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Reporting in eight directions

The community push to syndicate every viewpoint, every post, through semi-interoperable standards like RSS and Atom has resulted in a dramatic shift in the media power balance; media organizations can no longer embargo certain topics, hoping they'll fade into the background noise. In most media organizations (newspapers, radio stations, etc.), you can find topics that are "blacklisted"; I'd never turn to Fox News to hear more about how Fox nearly sued itself over a Simpsons episode; I'd never turn to a corporation's blog to read more about one of their internal memos. In each case, I can rightly presume – these days – that they'll put their short-term interests ahead of longer-term goals, such as honesty and forthrightness.

The problem with embargoes is that they have a dramatic effect, in a world where the media is controlled by a few, not many. I pick up my local newspaper these days to understand how they think people are thinking; they provide a good viewpoint, and state it clearly. That's only one viewpoint, though — and if something were to happen that was an embarrassment to its financial supporters, I'm reasonably certain it'd never see the light of day, either as an article or an editorial.

That's why I read hundreds of RSS feeds. These days, everyone has an opinion (1.5 million people at Blogger, 1 million people at LiveJournal); this results in a new problem, isolating viewpoints I'm interested in hearing more about. I can guarantee that if one person refuses to talk about an issue, another person will happily do so (and probably already has); with millions of viewpoints on millions of things to choose from, I can tap an endless supply of opinion and fact to educate myself more effectively than I ever could with my local paper alone.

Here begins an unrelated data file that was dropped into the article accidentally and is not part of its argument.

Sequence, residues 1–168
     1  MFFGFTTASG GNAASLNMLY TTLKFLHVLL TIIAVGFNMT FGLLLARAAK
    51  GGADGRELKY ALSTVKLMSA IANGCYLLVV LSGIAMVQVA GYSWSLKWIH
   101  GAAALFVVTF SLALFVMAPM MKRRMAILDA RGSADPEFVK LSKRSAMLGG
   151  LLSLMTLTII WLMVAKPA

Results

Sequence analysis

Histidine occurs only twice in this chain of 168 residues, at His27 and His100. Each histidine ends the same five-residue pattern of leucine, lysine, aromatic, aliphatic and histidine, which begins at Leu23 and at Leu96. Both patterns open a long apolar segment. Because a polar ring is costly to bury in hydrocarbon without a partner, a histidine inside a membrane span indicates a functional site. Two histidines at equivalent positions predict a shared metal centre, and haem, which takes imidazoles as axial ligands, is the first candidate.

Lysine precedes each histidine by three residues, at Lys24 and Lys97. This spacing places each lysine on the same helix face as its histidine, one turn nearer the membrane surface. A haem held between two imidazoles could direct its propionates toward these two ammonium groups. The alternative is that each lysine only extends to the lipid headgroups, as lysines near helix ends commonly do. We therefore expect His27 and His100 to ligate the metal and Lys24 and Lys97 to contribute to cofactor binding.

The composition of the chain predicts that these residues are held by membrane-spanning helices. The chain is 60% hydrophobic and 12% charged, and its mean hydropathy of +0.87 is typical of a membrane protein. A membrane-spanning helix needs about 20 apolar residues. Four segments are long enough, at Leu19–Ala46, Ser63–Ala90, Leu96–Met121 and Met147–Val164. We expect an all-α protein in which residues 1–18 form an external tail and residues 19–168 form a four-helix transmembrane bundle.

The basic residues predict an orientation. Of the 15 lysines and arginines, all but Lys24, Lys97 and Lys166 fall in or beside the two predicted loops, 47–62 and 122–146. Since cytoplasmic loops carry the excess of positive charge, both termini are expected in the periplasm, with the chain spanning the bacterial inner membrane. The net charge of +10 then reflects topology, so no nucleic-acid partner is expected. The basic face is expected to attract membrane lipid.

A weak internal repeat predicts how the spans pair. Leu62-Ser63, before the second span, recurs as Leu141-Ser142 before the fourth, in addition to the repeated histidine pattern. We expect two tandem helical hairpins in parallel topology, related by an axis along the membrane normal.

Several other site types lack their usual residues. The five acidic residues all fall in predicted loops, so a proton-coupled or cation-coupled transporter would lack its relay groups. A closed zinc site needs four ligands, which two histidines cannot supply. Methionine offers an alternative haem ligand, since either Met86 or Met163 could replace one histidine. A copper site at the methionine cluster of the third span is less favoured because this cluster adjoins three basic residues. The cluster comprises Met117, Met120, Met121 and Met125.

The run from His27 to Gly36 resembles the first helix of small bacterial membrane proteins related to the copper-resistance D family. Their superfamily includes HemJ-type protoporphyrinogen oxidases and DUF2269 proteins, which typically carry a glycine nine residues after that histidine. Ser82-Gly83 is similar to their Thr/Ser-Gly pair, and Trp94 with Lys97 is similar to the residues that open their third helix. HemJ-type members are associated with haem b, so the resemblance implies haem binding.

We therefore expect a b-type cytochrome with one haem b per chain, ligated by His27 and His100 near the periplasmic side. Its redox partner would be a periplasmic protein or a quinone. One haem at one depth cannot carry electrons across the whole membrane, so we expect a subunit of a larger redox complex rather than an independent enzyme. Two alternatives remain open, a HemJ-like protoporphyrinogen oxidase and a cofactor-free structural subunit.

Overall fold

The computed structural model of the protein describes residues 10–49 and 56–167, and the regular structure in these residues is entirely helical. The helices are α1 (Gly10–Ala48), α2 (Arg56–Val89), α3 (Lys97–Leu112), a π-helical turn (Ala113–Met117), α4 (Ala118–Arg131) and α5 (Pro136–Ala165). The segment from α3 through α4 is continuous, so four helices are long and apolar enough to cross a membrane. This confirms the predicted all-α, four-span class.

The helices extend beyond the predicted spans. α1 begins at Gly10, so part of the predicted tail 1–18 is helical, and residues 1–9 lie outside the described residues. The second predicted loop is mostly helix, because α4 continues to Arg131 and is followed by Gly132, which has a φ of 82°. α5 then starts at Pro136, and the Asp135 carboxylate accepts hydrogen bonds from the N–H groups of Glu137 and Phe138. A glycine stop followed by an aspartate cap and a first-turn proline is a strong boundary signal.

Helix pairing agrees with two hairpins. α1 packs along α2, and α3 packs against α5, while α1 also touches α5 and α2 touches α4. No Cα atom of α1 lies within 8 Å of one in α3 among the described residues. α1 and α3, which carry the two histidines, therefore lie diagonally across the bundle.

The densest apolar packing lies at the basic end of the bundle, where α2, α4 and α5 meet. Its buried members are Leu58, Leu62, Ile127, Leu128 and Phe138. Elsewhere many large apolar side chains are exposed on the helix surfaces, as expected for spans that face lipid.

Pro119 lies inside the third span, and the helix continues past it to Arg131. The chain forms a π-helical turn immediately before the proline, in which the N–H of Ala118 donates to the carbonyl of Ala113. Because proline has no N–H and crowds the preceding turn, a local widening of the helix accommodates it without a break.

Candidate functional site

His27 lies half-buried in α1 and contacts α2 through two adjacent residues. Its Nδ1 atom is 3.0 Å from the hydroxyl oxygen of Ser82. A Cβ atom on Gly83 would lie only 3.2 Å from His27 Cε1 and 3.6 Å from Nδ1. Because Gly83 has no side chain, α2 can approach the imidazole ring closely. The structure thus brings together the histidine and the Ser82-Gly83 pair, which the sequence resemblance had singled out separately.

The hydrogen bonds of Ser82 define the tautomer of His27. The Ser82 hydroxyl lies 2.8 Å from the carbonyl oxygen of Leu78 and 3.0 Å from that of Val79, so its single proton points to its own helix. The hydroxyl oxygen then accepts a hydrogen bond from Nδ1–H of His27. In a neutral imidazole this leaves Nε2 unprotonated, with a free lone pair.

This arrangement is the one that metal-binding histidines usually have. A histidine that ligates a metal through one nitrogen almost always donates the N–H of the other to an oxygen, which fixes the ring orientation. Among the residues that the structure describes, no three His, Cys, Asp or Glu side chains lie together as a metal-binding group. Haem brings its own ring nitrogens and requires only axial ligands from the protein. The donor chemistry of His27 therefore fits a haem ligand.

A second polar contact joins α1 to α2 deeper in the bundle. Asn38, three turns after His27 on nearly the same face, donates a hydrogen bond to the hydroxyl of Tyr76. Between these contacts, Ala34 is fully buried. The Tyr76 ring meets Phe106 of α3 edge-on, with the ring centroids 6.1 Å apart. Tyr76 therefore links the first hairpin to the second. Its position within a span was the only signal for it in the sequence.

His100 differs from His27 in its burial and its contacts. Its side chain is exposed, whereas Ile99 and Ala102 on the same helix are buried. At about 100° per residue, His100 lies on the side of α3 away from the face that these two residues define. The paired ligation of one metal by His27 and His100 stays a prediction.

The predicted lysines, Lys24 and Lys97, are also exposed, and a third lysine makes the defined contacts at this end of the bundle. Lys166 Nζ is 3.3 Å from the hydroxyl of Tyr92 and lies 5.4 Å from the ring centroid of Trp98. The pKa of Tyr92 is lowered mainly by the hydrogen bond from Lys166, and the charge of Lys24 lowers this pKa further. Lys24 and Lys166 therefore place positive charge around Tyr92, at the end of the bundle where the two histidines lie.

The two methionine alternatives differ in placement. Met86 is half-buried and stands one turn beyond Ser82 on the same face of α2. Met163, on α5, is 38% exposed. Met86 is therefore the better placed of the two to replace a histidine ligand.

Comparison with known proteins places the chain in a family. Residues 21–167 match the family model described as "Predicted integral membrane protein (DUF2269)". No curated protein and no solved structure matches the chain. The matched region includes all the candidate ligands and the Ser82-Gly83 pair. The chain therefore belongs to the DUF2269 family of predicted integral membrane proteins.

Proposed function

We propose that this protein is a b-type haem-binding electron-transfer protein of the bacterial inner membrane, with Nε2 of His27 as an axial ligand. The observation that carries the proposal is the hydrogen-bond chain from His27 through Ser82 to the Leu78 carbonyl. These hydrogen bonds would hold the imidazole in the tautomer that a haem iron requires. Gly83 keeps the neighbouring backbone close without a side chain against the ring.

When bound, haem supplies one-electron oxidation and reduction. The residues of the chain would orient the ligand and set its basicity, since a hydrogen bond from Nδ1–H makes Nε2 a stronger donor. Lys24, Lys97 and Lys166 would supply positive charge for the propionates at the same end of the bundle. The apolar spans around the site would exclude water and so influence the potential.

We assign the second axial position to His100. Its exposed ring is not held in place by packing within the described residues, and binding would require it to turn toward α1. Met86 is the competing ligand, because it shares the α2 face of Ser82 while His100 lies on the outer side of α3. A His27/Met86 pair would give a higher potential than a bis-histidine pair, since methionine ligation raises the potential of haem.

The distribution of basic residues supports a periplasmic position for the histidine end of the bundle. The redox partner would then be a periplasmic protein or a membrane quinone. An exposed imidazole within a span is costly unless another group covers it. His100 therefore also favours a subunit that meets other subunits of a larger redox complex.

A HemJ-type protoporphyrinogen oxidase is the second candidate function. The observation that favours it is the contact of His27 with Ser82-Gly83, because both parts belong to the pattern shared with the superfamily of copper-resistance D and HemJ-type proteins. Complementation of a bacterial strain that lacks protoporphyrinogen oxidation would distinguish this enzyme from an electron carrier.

It's like Master George Xu said: You must be moving in eight directions. If someone blocks you one direction, you have seven other directions to move in; no matter what direction is blocked, there's always several left to you.

Eventually my local paper will discover the joys of syndicating the news, either for free or for profit, and then I'll be able to include their selection of viewpoints in my daily education. They don't seem to right now, though, and while their viewpoints are valuable enough, they're not enough to pull me to their site more than once a month (or less) — or to subscribe to the print edition, their primary revenue source. Sometimes I miss the local news, though; I'd happily pay for a monthly electronic-only subscription, if one was offered.

Note: I'm speaking in theoretical terms here. I don't have any inside information about my local paper, nor do I wish to disparage them; they're good people. My words apply to virtually every local paper I've read, in many locales (with a few exceptions, like The Portland Mercury); if you have an unbiased, non-corporate exception, pass it along and I'll link it here, too.


I keep hearing about this RSS aggregation blah blah blah. Do you use a program to aggregate these things or do you code something into a webpage, or do you use a program to code the aggregated stuff into a webpage? Last time I Googled it, I just confused myself.

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